The Down to the Countryside Movement was initiated to even out the gap in the urban and rural area as well as reducing the amount of young people fighting for limited job opportunities in the urban areas. Lu’s vicissitudes were resulted from the Down to the Countryside Movement alone; should he not have come to the coutryside, he could have gotten a decent job in the city, and his family would less likely have experienced these hardship. Lu was not the perfect person for farming because he had never tried to before. Although it was designated to bring benefits to the newly founded nation by maximizing the amount of people with jobs, it also brought hardships to people like the Lu family. The movement forced people to the places doing jobs that were so unsuitable to them that they could barely survive.
This 94-year-old man named Hu used to be a tenant farmer, an occupation passed down within his family. Their low social status made them oppressed for the most of the time. At one night in 1949, three People’s Liberation Army soldiers came to visit his house. He was so scared that he tried to escape. The soldiers stopped him, telling him amiably that Ningbo was liberated and that they would like to invite poor peasants like him to join the local Peasant Association in Banpu Village. Soon, attending its first meeting, Hu began to work as an honorable grass-roots cadre. The house that he lived in belonged to a landlord previously, and it was given to him and another peasant after confiscation by the government. Hu later became the secretary of Banpu Village. Now, with his wife, he spends the rest of his life in Banpu enjoying a serene lifestyle and an abundant pension. (Banpu Village, Ci City)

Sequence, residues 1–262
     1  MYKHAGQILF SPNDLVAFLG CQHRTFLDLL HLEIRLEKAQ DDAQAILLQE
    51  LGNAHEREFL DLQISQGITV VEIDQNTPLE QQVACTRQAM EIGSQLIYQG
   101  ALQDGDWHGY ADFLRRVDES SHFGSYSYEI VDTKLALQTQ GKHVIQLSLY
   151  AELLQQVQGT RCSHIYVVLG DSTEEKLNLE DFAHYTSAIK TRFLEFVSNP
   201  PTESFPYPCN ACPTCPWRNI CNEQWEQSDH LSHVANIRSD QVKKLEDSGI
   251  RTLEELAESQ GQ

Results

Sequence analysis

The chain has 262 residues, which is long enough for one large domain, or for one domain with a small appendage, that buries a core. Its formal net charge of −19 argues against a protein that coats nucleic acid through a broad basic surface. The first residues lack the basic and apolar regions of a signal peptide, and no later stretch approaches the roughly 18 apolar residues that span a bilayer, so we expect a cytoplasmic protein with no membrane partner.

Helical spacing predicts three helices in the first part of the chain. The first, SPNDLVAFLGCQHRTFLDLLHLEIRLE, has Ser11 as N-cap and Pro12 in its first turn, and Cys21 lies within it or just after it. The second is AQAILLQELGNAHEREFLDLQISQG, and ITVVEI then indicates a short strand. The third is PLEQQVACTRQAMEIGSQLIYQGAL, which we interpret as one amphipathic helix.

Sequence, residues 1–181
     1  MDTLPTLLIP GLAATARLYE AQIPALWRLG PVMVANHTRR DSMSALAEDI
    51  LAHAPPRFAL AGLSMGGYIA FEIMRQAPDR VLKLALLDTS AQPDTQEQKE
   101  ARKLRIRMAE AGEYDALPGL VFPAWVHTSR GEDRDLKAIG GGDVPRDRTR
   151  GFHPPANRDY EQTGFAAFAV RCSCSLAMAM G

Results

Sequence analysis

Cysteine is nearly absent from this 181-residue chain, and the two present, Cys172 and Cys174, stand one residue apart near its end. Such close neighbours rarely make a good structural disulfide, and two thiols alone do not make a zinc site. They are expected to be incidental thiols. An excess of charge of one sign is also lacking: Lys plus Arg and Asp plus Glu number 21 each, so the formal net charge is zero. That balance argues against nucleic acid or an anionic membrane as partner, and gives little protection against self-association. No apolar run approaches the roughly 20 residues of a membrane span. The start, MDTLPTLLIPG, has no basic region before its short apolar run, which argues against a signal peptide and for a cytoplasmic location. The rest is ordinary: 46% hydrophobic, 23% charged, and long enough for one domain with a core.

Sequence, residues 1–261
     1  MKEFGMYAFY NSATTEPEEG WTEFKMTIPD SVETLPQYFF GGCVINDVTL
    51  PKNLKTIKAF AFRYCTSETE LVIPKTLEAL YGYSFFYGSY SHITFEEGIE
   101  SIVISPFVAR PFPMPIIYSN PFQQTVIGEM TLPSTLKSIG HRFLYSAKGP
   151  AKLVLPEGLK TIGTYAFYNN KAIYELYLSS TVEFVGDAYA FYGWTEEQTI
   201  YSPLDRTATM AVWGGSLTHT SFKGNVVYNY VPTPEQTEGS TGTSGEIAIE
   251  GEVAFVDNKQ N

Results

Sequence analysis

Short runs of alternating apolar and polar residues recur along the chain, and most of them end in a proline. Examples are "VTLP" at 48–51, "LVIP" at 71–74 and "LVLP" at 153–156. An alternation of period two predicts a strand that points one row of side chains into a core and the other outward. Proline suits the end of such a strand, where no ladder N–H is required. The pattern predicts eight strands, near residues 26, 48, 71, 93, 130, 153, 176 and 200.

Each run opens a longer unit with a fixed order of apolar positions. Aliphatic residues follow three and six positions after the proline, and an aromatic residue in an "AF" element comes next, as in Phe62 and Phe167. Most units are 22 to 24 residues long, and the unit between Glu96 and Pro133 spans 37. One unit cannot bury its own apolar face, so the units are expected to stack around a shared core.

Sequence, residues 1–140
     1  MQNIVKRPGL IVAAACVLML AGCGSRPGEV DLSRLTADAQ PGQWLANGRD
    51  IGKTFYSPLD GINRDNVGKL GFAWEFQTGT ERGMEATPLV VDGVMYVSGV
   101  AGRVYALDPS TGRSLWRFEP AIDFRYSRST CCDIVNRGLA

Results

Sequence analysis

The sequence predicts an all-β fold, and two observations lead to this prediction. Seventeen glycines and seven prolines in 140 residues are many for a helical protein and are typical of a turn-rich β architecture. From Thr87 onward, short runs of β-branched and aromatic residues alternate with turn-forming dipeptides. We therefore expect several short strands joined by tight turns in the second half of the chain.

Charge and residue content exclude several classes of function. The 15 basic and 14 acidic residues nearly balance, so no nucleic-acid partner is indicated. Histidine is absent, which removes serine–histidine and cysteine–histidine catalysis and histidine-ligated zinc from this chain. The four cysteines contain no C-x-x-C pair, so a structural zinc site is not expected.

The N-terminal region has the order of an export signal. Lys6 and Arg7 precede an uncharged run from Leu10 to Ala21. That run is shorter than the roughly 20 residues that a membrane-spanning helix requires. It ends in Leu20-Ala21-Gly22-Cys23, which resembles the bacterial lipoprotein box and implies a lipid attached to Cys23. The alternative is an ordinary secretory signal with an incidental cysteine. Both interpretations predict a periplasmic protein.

Again, the story of Hu shows the theme of how people’s life would be dramatically affected by history. While some people moved downward along with the liberation, Hu moved up. History consists of tons of people’s life moving either upward and downward; Hu is just a small portion of it. He is the lucky one among them. It is fascinating comparing the stories of different individuals living in the same time period.
Near the Airport Road, a young couple is seen cultivating lotus roots. Passing by, you can always find them bending over. Even in the cold December weather, they wear thick water-proof clothing working in the field on their own. Chilly winter is the best weather for high-quality lotus roots, but picking them can be very complicated. Lotus roots grow at random directions in sludge, and every root has to be picked completely with one’s bare hands. The farmers have to be meticulous in order to prevent them from breaking. Bending for the whole day, the couple finds it hard to straighten themselves back again. Working for the whole year on the 10 mu* of lotus root field, the couple makes 100,000 yuan annually, which seems to be a lot for farmers, but only they themselves know the hard labor behind that money. (Fanshidu Village, Yinzhou)